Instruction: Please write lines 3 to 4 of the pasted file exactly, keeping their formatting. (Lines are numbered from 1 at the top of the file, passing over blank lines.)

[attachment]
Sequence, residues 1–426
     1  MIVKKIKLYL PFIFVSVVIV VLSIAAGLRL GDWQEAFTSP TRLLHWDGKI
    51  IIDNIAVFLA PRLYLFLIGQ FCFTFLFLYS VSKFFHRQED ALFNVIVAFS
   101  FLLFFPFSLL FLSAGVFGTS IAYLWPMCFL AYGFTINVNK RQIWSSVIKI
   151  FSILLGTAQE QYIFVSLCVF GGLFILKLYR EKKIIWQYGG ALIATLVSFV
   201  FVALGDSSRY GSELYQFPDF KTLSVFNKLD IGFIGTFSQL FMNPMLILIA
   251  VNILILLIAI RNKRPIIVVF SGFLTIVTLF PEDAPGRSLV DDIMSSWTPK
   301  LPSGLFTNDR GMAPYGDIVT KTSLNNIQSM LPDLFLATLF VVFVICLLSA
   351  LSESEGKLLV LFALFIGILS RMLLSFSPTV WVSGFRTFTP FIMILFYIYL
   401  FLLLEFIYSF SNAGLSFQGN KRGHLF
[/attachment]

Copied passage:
    51  IIDNIAVFLA PRLYLFLIGQ FCFTFLFLYS VSKFFHRQED ALFNVIVAFS
   101  FLLFFPFSLL FLSAGVFGTS IAYLWPMCFL AYGFTINVNK RQIWSSVIKI